“The most fun has always been the thinking part”

Photo credit: Megan Carey


(Disponível em português)


Marta Moita is a Principal Investigator at the Champalimaud Research, Champalimaud Centre for the Unknown, Lisbon. Her lab focuses on unraveling how animals use cues from conspecifics to guide their own behavior. In addition, she is also interested in understanding how the internal state of an individual modulates behavior.

As a kid, when you were asked what you wanted to do in the future, what did you reply?

I wanted to be a trapeze performer in the circus or work with lions. The circus was something that I really liked! I also wanted to be a gymnast, Nadia Comaneci was my hero. And a zoologist, I wanted to work in the San Diego Zoo. This was probably instigated by animal life documentaries. Of particular importance were the marine expeditions of Jacques Cousteau, the effect of which was enhanced by my uncle, an incredible storyteller who would gather a group of kids every evening at the beach for one more of Cousteau’s adventures. His stories were populated by innovations like the bathyscaphe, fantastic creatures and landscapes brought to life with the help of props like small rocks that he would find at the beach.

When did you decide you wanted to become a scientist?

I don’t know…I think when I was in 9th grade, I took those aptitude tests, and it pointed to science and outdoors. I remember that at the time I was very disappointed, because I already knew those answers. So, I guess that already early on I was quite decided that I would be doing something science-related, but I don’t remember…There was not a ah-ah moment of “I want to be a scientist”. I don’t think it was ever very clear in my mind.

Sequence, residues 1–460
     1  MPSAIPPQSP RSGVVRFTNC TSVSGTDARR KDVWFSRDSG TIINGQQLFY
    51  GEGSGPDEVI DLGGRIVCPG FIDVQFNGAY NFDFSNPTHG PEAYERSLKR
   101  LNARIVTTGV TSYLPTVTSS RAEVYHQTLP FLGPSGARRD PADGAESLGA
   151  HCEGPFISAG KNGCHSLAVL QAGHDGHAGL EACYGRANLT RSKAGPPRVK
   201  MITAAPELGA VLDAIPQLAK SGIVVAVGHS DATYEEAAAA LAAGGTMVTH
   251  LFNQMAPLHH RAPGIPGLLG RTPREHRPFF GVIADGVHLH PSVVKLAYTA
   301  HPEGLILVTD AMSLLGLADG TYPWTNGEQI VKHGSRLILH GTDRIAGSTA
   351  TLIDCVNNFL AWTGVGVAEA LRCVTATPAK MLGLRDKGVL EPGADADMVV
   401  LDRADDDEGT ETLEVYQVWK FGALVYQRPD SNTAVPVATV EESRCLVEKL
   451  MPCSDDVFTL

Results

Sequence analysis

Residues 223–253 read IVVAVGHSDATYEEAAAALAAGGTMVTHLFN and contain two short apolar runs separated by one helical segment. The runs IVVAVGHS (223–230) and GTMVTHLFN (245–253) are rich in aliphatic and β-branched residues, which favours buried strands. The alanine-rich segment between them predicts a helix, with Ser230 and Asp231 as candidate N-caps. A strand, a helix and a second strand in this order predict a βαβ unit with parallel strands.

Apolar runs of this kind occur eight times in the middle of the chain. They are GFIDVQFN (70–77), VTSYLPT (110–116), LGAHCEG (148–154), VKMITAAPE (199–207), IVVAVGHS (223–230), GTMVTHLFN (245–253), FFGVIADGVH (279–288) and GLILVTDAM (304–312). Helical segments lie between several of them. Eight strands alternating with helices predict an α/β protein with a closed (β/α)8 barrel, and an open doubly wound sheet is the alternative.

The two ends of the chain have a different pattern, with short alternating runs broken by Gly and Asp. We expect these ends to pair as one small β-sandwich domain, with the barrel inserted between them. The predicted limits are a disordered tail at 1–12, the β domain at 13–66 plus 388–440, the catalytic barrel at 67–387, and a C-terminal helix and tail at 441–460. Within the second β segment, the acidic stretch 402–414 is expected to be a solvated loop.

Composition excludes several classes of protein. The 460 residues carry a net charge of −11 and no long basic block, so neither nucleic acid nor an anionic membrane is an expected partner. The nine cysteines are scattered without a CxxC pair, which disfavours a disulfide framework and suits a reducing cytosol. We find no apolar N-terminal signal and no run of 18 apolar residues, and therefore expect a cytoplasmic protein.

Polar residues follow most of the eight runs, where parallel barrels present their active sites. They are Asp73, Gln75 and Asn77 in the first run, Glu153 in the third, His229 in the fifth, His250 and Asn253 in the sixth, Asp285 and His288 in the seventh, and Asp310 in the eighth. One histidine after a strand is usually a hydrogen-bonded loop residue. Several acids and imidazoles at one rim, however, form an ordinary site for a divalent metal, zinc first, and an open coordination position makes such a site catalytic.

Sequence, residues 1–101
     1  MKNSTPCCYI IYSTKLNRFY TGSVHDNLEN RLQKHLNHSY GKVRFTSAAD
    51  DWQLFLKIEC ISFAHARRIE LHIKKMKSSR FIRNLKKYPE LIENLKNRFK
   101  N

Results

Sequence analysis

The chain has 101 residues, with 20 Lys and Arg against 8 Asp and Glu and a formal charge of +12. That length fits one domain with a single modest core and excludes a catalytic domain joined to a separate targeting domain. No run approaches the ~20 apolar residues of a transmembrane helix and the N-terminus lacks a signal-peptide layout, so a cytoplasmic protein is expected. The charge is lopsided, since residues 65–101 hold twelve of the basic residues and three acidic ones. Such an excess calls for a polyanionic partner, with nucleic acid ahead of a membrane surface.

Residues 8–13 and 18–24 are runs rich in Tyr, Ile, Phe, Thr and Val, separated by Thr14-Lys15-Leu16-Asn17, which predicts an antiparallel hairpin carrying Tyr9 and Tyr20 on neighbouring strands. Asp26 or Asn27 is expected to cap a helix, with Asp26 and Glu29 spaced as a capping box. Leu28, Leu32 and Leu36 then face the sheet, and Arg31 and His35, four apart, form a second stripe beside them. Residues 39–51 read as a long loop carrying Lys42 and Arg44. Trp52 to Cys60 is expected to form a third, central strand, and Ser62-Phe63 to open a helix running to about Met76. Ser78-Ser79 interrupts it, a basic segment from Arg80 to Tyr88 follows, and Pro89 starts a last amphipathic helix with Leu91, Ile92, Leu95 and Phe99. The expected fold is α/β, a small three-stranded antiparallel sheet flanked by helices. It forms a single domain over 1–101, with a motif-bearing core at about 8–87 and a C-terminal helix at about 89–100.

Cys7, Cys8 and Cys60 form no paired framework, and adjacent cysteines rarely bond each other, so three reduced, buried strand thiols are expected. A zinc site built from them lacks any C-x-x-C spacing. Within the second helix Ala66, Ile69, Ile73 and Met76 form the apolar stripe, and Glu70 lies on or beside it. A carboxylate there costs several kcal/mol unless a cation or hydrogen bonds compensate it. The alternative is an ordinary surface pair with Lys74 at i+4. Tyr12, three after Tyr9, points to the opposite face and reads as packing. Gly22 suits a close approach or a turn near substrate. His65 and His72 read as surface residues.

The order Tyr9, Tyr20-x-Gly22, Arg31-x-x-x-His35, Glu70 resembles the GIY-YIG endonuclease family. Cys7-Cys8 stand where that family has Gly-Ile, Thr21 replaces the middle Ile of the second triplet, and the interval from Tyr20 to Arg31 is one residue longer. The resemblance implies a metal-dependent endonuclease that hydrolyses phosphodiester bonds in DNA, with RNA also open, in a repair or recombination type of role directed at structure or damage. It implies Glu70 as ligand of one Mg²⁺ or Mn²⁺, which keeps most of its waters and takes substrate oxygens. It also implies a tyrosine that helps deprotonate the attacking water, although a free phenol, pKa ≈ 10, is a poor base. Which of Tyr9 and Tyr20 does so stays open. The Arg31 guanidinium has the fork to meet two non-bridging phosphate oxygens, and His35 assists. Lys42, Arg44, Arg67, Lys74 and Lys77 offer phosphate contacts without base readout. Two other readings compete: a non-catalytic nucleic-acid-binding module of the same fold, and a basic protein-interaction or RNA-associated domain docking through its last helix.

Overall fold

What do you like and dislike most about being a scientist?

The most fun has always been the thinking part. I really like the part of coming up with ideas and talking to people. Reading a paper, hearing someone talking or talking to someone, starting to make connections and having ideas for experiments. For instance, when you have to write a project, you have some intuition and then you have to transform it into a project. So, you start reading a lot of papers and making connections. And all of a sudden, you start having a sort of a work plan. I really like this part. I really enjoy this process, which normally requires talking to people. I like that.
Then, while doing experiments, there are particular things I also enjoy. For example, listening to neuronal activity while the animal is moving around. There’s nothing like it…There’s nothing like it! In this case, it’s not so much about the question, at that moment I’m not thinking that much about what those spikes really mean, but it’s about the amazing capability of listening to a brain. I find it amazing! Furthermore, there’s something about meticulous activities that I also enjoy, like doing histology. It’s very zen for me.
What I dislike the most…While working at the bench, what I dislike the most is ‘banging with the head against the wall’. You have to repeat and repeat an experiment, and many times it doesn’t work, it’s really frustrating. I think most people go through really frustrating phases, and that’s tough…As a Principal Investigator…pressure. Unfortunately, it’s a very competitive environment. It’s a constant race, and I don’t like that part of it, to have to be constantly proving yourself to others.

What are the main questions your lab is trying to solve?